With the continued fragmentation of social networks, growing and nurturing your community through social media is more important than ever. As Zoetica Media founder Kami Huyse urged in a previous blog post, “I don’t care what platform you’re on, start by creating that community with people.”
The importance of community was a topic she and Alan Hennessy, the Digital Mentor, as well as Kara Kampuzano, CEO of KC Creative, discussed on a recent episode about social media on Russ Hedge’s Russ Reels Live show.
Consistent and Relevant Communication Builds Interest on Social Media
Begin by ‘us[ing] the platform you’re most comfortable with and start by creating consistent content,” says Kara. “Once you've got that mastered…then start branching out. But branch out to where your audience actually hangs out, not where you like hanging out.”
She suggests actively engaging with your audience by leaving comments on other people’s accounts. This will peak their interest, hopefully leading them to look at your social media profile and eventually leave a comment on your account as well, thus broadening your visibility among others’ networks.
She also suggests directly tagging people by name in your posts and on your livestreams in order to get the attention of those who might not otherwise see what you’re sharing online.
Worried About Creating Content on Social Media? Focus on Engagement Instead
Kami recommends people think about social media as a tool to build community. “Don't think of it as getting started in social media –think of it as an extension of your networking in person.”
If you’re new to social media or new to a particular platform, “in the beginning it'll feel very lonely,” she admits, “so the first thing you should do is find a couple of people to follow and then just engage, engage, engage.”
She advises using the 80/20 approach, which consists of having 80 engagements with others such as comments, likes, and so forth, and creating 20 original posts of your own. In other words, make your online actions heavily external-facing.
Russ agrees with this approach. “If you're not pouring into other people, and giving and reaching out, and engaging and caring about what they are doing, they're not going to really care about what you're doing. If you want people to be interested in you, you have to be interested in them.”
Adds Alan, “there's a computer screen [between us and] we’re thousands of miles apart, but we're still engaging here, we're still talking like we would if we were in the room together.”
Don’t miss an opportunity to invest in others, he warns. “I see people online where they've put up this fantastic post and someone will come along and they'll just put a thumbs up to it. That really doesn't mean anything. Okay, that's saying ‘yes, I've acknowledged that you've wrote this,’ but it doesn't give me an insight on how you felt about the post, what's your opinion on it.”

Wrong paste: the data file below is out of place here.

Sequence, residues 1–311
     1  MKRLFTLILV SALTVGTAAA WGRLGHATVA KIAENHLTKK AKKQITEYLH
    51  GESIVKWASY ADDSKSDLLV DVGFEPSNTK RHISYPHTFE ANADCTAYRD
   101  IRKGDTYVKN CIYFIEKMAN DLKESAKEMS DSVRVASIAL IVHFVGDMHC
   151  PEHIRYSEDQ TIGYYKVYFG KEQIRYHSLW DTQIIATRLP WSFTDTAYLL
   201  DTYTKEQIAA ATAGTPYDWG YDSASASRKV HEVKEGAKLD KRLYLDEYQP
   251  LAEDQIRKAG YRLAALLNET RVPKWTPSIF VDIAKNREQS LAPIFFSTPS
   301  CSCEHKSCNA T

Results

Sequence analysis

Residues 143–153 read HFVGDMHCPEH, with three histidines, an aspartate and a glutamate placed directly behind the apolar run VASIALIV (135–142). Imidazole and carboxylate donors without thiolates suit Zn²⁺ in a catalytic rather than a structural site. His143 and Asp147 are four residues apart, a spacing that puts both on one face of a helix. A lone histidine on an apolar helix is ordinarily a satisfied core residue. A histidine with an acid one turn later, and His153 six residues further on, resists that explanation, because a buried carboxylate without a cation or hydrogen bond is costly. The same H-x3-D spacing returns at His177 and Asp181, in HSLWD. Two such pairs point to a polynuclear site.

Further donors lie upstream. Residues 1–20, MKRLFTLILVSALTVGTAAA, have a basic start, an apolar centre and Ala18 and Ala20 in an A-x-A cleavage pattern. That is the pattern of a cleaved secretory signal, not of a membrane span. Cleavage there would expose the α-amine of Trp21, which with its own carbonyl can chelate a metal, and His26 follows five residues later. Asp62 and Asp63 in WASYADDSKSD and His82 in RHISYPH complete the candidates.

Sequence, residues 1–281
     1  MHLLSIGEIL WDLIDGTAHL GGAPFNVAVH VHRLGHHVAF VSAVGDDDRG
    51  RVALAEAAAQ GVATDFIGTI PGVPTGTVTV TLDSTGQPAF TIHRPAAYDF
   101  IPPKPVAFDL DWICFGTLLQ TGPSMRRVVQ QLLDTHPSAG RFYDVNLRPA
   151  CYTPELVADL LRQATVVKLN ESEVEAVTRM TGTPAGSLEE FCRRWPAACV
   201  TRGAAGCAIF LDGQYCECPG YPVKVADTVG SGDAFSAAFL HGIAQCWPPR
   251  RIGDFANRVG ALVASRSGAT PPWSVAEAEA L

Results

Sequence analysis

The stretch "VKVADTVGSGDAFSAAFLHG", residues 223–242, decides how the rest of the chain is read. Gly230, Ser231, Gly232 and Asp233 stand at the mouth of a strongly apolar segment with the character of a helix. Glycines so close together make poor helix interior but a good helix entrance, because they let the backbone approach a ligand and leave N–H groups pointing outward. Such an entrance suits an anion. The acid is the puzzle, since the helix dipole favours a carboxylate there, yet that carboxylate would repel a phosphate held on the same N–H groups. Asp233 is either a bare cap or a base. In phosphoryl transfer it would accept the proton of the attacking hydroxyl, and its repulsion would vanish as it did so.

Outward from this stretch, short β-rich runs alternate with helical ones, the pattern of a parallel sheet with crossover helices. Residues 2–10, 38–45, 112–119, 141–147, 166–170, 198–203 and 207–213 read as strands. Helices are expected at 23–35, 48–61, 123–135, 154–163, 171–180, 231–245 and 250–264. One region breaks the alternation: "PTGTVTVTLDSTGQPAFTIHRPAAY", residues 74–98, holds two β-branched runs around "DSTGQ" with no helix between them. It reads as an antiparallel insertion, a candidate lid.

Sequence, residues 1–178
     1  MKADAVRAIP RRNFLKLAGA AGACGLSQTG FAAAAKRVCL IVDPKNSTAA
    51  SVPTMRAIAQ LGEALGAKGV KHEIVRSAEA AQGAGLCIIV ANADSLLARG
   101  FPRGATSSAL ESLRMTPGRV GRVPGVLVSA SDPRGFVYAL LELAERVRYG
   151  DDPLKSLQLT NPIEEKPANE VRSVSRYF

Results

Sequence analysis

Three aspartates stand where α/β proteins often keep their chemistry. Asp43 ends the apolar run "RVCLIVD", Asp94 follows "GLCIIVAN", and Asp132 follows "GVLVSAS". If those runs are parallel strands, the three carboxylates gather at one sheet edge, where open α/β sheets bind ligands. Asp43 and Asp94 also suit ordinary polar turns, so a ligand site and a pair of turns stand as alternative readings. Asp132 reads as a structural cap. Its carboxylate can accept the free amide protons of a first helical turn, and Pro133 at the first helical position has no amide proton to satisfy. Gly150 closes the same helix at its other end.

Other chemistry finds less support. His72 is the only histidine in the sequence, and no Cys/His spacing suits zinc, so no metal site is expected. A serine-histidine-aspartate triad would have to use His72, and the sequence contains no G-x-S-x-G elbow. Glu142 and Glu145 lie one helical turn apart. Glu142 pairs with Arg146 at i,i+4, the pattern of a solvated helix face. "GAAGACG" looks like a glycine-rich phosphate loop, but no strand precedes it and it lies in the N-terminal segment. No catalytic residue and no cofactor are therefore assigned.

Engaging is also a way to build goodwill and trust, he says. “If you start sharing your opinions and start engaging with people on these conversations, that's how you build your network and that's how you build trust and also likeability, because people start to take notice of you.”
Add Massive Value with Your Content on Social Media
Carefully consider the quality of what you post as well. “Is it of value to the people that are reading it? That's the most important part here – adding value to someone's life. Because if they're taking the time out to read your content, you want to be able to engage them, you want to entertain them or inform them,” he says.
Working on building community is the foundation upon which future collaboration is often built. Russ explains that, ”not only do you build connection and community, but then you find out where you can help each other.”
Practically speaking, “you need to be doing business and your business needs to thrive,” Alan notes. “What social does is it opens the door to what you have to offer. Once you start using social media, you get an audience that starts to know you that may have never known you before.”
From Online to Offline: How Social Media Bridges the Gap and Fosters Real-World Connections
An important thing to keep in mind about social media is that it transcends geography. People from all different parts of the world can interact with those whom they might otherwise not get a chance to meet. But social media doesn’t just connect people online. It also allows people to connect where they live and work. As Kami points out, “social media isn't just online, it kind of moves between the worlds of online and offline.”
Referencing Ted Rubin, Alan explains that the process involves first “start[ing] online [and then] , you tak[ing] it offline. But you also bring it back online so you're always aware of what's going on in that person's life, so the next time that you meet them you're going to be able to hold that conversation” about what they’re up to. “We do it with our friends, we do it with our colleagues who we work with….There's no difference between the online world and the offline world.”
Connecting with your audience on a human level is vitally important. “You're not better than your audience, you are just a conduit to community for your audience. As a conduit to community, your role is to lift up the people that follow you,” says Kami.
Extending this idea, Russ notes that, “I think that makes everybody better. That makes the world better when we're kind, caring, and we work to lift each other up and work together instead of working against each other, and I think that is crucial.”
Kami adds this final thought: “You can basically do almost anything with the community that's willing to support you. You can almost do nothing by yourself. So if you're trying to get people to pay attention to you, then pay attention to people and people will lift you up.”
To learn more from Kami, Alan, and Kara, watch the recording of the full livestream.